Early post-natal life stress induces permanent adrenocorticotropin-dependent hypercortisolism in male mice

G. Campana, S. Loizzo, A. Fortuna, R. Rimondini, Z. Maroccia, A. Scillitani, A. Falchetti, S.M. Spampinato, L. Persani, I. Chiodini

Research output: Contribution to journalArticlepeer-review


Purpose: It has been hypothesized that specific early-life stress (ES) procedures on CD-1 male mice produce diabetes-like alterations due to the failure of negative feedback of glucocorticoid hormone in the pituitary. The aim of this study is to investigate the possible mechanism that leads to this pathological model, framing it in a more specific clinical condition. Methods: Metabolic and hypothalamic–pituitary–adrenal-related hormones of stressed mice (SM) have been analyzed immediately after stress procedures (21 postnatal days, PND) and after 70 days of a peaceful (unstressed) period (90 PND). These data have been compared to parameters from age-matched controls (CTR), and mice treated during ES procedures with oligonucleotide antisense for pro-opiomelanocortin (AS-POMC). Results: At 21 PND, SM presented an increased secretion of hypothalamic CRH and pituitary POMC-derived peptides, as well as higher plasmatic levels of ACTH and corticosterone vs. CTR. At 90 PND, SM showed hyperglycemia, with suppression of hypothalamic CRH, while pituitary and plasmatic ACTH levels, as well as plasma corticosterone, were constantly higher than in CTR. These values are accompanied by a progressive acceleration in gaining total body weight, which became significant vs. CTR at 90 PND together with a higher pituitary weight. Treatment with AS-POMC prevented all hormonal and metabolic alterations observed in SM, both at 21 and 90 PND. Conclusions: These findings show that these specific ES procedures affect the negative glucocorticoid feedback in the pituitary, but not in the hypothalamus, suggesting a novel model of ACTH-dependent hypercortisolism that can be prevented by silencing the POMC gene.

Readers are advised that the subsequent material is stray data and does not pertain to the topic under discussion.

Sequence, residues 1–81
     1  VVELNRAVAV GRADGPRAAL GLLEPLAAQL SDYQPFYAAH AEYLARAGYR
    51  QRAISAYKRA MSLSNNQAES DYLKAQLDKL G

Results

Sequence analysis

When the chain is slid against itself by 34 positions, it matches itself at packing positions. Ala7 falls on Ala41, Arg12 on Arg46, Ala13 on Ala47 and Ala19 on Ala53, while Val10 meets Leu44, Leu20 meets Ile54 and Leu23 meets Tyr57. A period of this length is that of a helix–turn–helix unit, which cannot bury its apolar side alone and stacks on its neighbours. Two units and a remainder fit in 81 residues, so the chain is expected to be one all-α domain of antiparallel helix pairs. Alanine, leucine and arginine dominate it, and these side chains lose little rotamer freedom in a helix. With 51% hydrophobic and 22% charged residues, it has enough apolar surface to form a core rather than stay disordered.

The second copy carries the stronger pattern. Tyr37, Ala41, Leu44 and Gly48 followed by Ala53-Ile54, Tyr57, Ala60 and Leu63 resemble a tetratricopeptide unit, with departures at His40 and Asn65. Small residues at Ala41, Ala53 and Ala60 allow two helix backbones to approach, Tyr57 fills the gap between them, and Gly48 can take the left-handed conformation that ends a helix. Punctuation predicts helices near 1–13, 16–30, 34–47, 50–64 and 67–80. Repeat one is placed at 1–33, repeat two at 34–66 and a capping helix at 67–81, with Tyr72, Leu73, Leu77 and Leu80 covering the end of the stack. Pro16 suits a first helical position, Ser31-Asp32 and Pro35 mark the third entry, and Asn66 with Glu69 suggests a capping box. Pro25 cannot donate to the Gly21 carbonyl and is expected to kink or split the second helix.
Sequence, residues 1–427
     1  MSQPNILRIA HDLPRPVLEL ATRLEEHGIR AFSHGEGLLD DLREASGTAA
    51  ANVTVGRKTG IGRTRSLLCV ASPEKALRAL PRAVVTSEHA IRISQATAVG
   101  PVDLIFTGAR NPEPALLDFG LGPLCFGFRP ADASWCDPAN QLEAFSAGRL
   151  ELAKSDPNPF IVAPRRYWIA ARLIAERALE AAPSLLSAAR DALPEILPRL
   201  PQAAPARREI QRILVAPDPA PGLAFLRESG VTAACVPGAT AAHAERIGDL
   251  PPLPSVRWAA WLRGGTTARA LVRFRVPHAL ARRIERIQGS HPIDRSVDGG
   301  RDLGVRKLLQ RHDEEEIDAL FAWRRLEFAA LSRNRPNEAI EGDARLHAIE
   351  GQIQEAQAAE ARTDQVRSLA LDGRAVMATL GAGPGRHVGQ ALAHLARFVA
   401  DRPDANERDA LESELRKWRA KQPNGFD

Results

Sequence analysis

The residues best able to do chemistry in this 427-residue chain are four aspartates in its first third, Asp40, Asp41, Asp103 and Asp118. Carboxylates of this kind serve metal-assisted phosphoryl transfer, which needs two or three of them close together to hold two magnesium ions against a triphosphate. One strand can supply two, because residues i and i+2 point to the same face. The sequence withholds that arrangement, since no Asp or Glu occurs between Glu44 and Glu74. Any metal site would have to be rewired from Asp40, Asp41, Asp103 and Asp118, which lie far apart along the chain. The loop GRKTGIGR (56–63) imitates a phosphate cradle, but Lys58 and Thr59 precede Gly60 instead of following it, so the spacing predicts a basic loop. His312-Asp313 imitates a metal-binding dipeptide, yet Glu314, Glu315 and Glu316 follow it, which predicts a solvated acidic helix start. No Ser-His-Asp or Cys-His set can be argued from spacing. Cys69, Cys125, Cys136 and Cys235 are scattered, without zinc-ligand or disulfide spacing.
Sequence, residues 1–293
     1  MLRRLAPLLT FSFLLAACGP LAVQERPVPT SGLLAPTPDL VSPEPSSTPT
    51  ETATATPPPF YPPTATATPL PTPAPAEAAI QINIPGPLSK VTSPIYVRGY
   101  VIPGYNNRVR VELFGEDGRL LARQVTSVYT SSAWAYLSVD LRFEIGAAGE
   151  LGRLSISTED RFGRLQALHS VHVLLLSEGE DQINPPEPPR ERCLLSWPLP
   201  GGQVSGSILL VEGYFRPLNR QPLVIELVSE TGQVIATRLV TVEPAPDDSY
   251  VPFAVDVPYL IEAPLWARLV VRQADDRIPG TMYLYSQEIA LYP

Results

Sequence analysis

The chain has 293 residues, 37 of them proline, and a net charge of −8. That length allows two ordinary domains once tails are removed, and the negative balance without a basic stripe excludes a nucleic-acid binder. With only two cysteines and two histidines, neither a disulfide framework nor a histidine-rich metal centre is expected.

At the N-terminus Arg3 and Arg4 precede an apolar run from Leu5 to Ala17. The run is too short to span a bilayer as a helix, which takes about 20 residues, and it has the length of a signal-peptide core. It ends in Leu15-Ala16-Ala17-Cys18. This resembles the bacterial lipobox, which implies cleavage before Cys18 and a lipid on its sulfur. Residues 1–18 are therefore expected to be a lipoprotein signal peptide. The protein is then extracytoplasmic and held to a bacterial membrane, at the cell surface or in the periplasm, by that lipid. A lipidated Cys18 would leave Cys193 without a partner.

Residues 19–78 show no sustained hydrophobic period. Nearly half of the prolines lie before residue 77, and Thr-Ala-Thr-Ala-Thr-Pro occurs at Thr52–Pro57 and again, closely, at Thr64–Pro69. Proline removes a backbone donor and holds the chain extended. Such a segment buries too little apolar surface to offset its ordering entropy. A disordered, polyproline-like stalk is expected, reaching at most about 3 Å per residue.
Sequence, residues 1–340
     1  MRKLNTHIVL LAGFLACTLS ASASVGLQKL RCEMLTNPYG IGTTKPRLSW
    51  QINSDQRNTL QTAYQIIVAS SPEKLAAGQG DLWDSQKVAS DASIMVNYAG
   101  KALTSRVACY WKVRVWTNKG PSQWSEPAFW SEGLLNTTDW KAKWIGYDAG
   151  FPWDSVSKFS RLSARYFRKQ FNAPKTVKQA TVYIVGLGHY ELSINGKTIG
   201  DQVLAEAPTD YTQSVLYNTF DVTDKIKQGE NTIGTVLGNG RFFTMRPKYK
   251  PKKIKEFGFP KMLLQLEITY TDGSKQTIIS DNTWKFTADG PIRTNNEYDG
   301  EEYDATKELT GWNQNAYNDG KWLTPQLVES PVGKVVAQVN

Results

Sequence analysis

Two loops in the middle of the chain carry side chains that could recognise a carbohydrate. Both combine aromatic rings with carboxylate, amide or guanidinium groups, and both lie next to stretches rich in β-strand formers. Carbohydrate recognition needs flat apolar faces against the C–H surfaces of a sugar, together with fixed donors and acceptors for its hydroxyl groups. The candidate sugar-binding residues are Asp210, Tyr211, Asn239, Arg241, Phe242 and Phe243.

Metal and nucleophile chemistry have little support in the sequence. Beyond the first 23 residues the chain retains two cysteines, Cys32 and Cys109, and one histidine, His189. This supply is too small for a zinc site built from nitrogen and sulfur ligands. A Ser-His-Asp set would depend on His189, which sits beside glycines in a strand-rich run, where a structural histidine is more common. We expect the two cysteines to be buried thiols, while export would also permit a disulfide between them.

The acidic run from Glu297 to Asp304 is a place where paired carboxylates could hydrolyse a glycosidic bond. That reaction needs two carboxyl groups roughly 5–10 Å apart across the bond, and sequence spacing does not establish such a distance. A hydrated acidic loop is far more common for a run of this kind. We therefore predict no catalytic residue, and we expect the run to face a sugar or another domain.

Original languageItalian
Pages (from-to)186-195
Number of pages10
Issue number1
Publication statusPublished - 2021

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